This dress is so comfortable to wear, and the skirt front that wraps under extends right over to the side seam, so there's not much risk of flashing too much leg!  I added a little pop fastener to the bodice wrap to keep it in place, but this has a lot to do with my fabric being quite drapey.  I can see how this wouldn't be necessary in a heavier fabric.

I'm delighted with how this dress turned out, and it's a little bit different to what I'd usually make.  Also, I definitely predict more wrap dresses in my future, including maybe the Sew Over It Ultimate Wrap Dress for my increasing pile of jersey fabrics.

Have a great week,


Saturday, 12 August 2017

Vogue V1537 Coat

This pattern is Vogue V1537, which is a coat and a dress.  It was released earlier this year, and as soon as I spotted the coat, I had to have it.  A half price pattern sale at Weaver Dee made it even nicer!  
I've only seen one version of this coat made up, and that is by Fiona from Diary Of A Chain Stitcher.  Her coat is fabulous, click on the link and you'll see what I mean.  Here are the pattern line drawings, and the photo from the pattern envelope.

Vogue V1537

Vogue V1537
The pattern is beautifully drafted, all the princess seams lined up perfectly (because it's really annoying when they don't!).  The instructions say to ease stitch the centre back and front princess seams.  That seemed a bit odd, as I thought the centre fronts and side backs would be the bits that needed ease stitched.  But I didn't need to ease stitch anything, as the seams went together without it.

All the instructions were clear, especially on clipping and sewing the collars, and also on attaching the lining.


I did three things differently though.  The first was not to make the bound buttonholes, because I couldn't be bothered.  And, boy, was I glad I didn't!  My fabric turned out to be a bit of a nightmare, but more on that later.

Second was how I sewed the pocket linings.  The lining and pocket are sewn right sides together, then turned out and hand-stitched to the coat.  Then they are top-stitched to the coat with a 1 cm seam allowance.  I used a little trick that I learnt on the Craftsy class for my Butterick 4610 jacket.

I cut out the pocket lining pieces, then trimmed about 2 mm off the edges and the bottom (not the top edge), then I sewed the lining to the pocket.  It takes a bit of finessing to get the two edges together, but once it's turned out, then the main fabric rolls slightly to the inside.  This is similar to cutting an under collar slightly smaller than a top collar.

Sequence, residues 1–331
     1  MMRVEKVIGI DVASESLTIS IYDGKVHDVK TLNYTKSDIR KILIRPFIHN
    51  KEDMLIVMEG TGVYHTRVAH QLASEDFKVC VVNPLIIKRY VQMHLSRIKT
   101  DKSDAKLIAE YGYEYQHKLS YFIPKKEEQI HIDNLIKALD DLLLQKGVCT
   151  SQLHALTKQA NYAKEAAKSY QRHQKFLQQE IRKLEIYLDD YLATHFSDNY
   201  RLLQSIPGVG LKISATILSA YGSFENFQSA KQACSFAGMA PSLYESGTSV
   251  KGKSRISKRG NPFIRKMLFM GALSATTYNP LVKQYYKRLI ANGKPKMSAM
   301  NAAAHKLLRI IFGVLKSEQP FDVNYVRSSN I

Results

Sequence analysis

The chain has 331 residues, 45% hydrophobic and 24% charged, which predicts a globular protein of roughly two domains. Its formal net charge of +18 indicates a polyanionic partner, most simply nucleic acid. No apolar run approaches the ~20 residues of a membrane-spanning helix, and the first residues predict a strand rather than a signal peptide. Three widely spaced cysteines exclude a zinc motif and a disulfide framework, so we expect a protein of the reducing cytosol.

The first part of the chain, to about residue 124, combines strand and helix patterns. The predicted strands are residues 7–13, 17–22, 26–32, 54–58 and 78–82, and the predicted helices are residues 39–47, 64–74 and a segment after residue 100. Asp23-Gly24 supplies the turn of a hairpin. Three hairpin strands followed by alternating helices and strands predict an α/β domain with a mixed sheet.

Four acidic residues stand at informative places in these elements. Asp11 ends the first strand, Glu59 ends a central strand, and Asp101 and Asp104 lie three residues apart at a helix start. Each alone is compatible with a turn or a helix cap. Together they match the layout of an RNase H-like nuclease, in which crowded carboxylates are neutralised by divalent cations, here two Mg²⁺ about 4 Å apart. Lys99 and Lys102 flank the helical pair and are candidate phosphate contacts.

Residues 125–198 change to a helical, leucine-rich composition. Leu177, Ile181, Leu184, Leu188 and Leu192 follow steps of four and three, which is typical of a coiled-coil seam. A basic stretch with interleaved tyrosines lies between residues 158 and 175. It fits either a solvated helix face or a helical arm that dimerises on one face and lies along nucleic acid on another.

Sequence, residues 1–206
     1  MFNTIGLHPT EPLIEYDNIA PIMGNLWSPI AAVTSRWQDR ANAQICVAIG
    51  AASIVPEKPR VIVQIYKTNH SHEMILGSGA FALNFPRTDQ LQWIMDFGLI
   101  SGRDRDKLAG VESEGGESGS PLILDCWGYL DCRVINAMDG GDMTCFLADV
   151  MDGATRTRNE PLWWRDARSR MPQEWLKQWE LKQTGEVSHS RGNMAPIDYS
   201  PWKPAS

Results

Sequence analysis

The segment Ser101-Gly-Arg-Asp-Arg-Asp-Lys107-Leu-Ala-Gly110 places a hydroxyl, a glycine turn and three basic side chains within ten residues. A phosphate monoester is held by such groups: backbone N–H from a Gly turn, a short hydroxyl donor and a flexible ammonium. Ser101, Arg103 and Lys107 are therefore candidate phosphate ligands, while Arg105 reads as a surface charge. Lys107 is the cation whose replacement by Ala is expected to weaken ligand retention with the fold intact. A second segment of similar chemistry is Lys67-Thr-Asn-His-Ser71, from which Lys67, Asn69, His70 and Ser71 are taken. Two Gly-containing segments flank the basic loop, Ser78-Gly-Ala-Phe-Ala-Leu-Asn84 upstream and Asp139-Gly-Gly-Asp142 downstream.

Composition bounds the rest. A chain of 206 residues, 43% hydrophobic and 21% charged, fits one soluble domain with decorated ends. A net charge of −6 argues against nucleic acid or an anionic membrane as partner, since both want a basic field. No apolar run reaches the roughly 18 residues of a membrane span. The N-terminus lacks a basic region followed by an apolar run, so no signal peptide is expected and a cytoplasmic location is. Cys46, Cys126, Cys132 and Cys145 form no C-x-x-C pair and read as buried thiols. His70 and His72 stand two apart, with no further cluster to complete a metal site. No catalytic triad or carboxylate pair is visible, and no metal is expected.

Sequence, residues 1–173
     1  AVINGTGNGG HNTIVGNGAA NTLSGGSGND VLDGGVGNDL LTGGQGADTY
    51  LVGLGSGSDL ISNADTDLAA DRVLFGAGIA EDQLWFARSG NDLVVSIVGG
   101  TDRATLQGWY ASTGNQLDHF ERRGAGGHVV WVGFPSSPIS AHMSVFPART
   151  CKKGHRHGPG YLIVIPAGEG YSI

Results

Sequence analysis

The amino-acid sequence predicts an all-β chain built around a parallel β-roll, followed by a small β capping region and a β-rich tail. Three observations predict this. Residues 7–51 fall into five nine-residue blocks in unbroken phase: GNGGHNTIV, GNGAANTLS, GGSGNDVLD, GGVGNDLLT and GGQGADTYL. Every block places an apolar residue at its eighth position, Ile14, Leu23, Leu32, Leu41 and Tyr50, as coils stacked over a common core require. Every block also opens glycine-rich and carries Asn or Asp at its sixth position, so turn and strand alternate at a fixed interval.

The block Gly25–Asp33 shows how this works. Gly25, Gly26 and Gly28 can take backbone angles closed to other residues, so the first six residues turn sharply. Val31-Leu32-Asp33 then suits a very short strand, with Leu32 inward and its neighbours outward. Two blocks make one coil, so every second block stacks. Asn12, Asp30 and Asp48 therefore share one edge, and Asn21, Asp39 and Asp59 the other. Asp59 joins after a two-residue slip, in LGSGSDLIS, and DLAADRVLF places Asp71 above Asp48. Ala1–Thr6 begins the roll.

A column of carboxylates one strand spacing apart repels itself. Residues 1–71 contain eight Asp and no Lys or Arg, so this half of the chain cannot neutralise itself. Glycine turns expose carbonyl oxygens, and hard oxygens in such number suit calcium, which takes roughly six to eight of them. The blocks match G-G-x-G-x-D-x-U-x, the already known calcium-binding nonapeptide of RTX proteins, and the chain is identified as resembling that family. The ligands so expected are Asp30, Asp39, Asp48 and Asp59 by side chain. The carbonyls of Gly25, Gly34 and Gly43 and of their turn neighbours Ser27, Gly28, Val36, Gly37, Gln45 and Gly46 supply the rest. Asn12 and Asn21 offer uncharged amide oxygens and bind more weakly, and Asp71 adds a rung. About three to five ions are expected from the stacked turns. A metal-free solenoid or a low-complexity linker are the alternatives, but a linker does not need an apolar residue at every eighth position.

You can see how the main fabric is rolling to the inside below.

Which meant the I could catch the needle in the rolled-in bit of the main fabric when hand sewing the pocket the to coat.  If I made this again, I think I would make the pocket lining from a colour similar to the main fabric, then there would be no issues with the lining fabric accidentally showing.

The third thing wasn't something that I did this time, but would do if I make this again.  I found that when I was sewing on the sleeve tabs that they didn't overlap as much as they should have.  I ended up moving them in by 1 cm from the raw edge of the sleeve seams, but next time I would cut them a bit longer.


As mentioned by Fiona, when attaching the lining the instructions talk about sewing to the small circles above the hem.  I, too, couldn't find them, so sewed to about 5 inches above the bottom of the coat.  I could have sewed to about 3 or 4 inches though.

On to my fabric.  Sigh...  This is some red stretch twill from My Fabrics.  It's lovely fabric for this style of coat, but it hated being gathered at the sleeves.  I don't think it helped that the sleeves are two piece sleeves, so the gathering stitches are going through two seams, but it absolutely refused to gather even one centimetre.  I ended up easing the sleeve in by hand, and it turned out ok.  

Also, I don't love how the collar is rolling back on itself.  I've spray starched it, but it could be nicer.  That said, it looks a lot better in these photos than it does in my head!


All of my top stitching was done with a triple stitch, which took ages and used loads of thread, but I love how it looks.

The lining fabric is from Minerva Crafts, and I bought it about a million years ago!  It's finally found it project.  It frayed like nobody's business, and I ended up taking the pinking shears to the seams.  There was red and white thread everywhere!

I was trying very hard not to drop my coat on the wet ground!
I love how my coat has turned out, and it's just the thing for the UK Spring and Autumn (and some Summer days too).  


Have a great weekend,